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US has always managed its elections in a 'peaceful and democratic way', says Taoiseach

Whoever wins, the Taoiseach plans to meet them next St Patrick’s Day in Washington DC.
Nov 4th 2020, 3:18 PM 11,757 27

TAOISEACH MICHEÁL MARTIN has said the United States has always managed its elections in a “peaceful and democratic way” and he has no doubt that this will be the case on this occasion.

Speaking in the Dáil today about the election, he said the “sensible thing to do” is to allow the electoral process in the United States “take its course”.

“The election is not over. The last time I was listening to coverage of it, it seemed the race was going to very tight and there were many votes yet to be counted.

“The United States is one of the oldest democracies in the world. It has always managed its elections in a peaceful and democratic way and I have no doubt that this will be also be the case on this occasion.

“We should not jump to conclusions,” he said.

After a long night of counting, the result of the US presidential election is still very much up in the air with no clear winner projected.

Democrats’ hopes of a landslide Joe Biden victory will not happen, and Donald Trump has already threatened to go to the Supreme Court after claiming without evidence that the election is a fraud. 

It’s now getting towards the most crucial part of the count, with some of the swingiest swing states set to announce results of votes in key areas within the next few hours.

The Taoiseach said in the Dáil that it is “fraught time for all of those involved in the election”.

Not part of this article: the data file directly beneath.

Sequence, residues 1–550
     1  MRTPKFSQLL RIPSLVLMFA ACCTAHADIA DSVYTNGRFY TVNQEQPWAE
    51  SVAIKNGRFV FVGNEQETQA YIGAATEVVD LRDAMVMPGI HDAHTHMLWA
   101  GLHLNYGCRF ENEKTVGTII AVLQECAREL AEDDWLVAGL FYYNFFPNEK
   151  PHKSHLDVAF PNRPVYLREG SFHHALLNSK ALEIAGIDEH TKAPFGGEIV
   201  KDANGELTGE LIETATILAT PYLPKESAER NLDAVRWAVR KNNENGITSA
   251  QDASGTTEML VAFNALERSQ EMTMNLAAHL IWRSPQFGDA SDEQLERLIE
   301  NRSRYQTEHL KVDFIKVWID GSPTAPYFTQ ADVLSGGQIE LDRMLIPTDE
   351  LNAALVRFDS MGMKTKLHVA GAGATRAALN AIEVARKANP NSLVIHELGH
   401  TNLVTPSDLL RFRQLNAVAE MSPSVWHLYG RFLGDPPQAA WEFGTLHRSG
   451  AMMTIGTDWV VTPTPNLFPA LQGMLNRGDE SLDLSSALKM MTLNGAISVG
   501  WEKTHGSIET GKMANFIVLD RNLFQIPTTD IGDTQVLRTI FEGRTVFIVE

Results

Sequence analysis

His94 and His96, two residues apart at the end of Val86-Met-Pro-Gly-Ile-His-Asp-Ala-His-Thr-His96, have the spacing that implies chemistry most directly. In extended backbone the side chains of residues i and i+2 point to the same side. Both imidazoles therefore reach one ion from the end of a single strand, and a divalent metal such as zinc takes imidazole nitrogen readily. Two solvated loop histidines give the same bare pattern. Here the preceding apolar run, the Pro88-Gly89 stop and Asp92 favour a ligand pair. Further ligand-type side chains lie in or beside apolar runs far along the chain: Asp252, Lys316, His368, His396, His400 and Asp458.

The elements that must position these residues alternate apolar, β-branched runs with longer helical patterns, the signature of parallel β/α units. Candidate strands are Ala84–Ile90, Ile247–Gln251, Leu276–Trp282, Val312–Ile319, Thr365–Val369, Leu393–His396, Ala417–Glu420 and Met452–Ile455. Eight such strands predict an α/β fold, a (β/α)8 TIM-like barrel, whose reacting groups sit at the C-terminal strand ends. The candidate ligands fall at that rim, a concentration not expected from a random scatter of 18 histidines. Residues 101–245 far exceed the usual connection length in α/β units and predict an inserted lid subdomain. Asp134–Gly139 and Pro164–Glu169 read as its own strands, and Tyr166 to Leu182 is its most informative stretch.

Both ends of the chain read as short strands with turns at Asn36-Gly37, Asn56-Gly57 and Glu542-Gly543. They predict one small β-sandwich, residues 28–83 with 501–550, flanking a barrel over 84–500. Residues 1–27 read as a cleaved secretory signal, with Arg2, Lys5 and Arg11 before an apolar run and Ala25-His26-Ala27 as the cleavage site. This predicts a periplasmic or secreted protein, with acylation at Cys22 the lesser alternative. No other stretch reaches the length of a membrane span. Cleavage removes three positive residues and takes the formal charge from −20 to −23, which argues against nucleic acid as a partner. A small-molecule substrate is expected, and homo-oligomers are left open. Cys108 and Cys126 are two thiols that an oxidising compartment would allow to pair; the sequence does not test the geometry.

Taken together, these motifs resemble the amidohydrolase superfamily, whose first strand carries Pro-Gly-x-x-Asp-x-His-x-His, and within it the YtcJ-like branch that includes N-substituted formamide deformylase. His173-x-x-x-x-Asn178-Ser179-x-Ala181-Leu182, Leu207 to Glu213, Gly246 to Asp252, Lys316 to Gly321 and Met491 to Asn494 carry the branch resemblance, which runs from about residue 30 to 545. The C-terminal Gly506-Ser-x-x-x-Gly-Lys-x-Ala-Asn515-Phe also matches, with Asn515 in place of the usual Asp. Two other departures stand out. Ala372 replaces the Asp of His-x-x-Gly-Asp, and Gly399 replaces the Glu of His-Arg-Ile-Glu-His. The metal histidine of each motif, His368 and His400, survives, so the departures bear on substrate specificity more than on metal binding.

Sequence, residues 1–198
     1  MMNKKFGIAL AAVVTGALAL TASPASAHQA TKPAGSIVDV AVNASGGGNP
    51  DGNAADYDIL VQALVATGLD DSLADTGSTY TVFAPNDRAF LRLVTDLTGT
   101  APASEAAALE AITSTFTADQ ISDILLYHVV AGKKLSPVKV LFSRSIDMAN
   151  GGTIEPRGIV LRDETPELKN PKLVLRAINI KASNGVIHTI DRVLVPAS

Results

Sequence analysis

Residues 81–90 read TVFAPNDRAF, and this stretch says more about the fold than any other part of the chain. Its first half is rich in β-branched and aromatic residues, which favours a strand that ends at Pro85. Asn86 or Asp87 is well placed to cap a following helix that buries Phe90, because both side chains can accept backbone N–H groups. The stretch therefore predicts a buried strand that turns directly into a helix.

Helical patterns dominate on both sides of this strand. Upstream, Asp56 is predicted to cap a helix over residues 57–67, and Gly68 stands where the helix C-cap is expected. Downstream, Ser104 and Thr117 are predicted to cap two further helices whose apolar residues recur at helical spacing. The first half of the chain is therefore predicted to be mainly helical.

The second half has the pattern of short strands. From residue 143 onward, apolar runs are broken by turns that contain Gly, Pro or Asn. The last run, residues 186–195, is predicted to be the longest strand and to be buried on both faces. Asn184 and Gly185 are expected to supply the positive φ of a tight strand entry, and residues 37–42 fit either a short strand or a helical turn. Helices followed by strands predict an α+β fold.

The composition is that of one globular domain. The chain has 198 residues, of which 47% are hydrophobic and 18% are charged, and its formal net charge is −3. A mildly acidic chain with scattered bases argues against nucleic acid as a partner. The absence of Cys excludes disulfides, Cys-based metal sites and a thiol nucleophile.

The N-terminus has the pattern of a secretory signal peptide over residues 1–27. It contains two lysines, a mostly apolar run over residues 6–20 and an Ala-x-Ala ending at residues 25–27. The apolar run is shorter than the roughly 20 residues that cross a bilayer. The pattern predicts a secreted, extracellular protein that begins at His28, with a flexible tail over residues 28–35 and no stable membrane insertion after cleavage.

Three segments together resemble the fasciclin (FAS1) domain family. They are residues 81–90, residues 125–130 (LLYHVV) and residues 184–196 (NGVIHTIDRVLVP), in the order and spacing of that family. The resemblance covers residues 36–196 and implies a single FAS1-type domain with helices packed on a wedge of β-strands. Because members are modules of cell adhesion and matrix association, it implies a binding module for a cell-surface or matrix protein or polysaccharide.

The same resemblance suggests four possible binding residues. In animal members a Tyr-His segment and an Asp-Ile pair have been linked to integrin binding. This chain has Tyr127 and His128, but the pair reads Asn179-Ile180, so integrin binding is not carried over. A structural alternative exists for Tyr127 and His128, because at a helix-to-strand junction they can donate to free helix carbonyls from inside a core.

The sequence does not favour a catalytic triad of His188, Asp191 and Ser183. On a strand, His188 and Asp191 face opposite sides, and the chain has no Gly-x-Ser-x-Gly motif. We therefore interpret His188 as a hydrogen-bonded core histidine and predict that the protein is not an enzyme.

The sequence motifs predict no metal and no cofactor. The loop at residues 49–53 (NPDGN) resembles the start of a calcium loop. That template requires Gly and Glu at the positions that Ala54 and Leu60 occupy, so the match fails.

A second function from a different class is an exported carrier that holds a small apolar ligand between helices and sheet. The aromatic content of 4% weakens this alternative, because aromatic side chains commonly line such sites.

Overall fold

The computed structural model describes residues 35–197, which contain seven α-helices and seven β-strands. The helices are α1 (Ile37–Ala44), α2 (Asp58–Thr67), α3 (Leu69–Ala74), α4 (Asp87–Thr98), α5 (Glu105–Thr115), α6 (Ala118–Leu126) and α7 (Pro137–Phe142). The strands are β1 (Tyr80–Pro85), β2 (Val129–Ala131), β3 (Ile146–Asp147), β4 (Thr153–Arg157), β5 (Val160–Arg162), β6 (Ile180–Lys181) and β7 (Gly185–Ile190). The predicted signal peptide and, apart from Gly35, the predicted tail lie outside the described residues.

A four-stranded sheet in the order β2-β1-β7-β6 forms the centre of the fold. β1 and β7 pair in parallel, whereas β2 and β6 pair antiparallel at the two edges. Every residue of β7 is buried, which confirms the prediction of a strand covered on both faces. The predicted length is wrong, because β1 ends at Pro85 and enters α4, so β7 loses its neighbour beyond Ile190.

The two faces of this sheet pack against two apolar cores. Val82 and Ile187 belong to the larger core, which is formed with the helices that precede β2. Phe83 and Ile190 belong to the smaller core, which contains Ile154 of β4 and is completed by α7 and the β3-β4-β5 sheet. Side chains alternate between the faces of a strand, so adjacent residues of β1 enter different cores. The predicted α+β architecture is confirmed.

“It is a tense time, given how close it is,” he said, predicting that a result might not be known until later this week.

The Taoiseach was responding to People Before Profit’s Mick Barry who said he supported the call of the Socialist Alternative organisation in the United States for mass demonstrations and civil disobedience should Donald Trump “try to steal the election”.

Barry had asked if the Taoiseach would also support the call for mass demonstrations and civil disobedience.

No matter who wins out, the Taoieach has indicated that he plans to make the trip to Washington DC on St Patrick’s Day. 

In an interview with TheJournal.ie, Martin said the St Patrick’s Day celebration in the White House is “a significant one for Ireland” and is one that should be maintained.

When asked whether he is keen to make the trip Stateside next year, Martin said: 

“I think it is very important. All of that [meetings at the White House and Capitol Hill] creates a framework within which jobs can be created, which within Irish business can operate, in terms of exporting and importing.

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“The connection and the Patrick’s Day event is a significant one for Ireland, not the occupant of the office in terms of the Taoiseach.”

“It’s very, very important that we maintain that link, and that tradition, and obviously, it’s all very dependent on Covid, and everything else at the time next March. But we’re very keen as a government that key economic linkages are maintained,” he said.

This year, then-Taoiseach Leo Varadkar had to cut short his St Patrick’s Day trip to the US due to the evolving coronavirus situation back home. 

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Christina Finn

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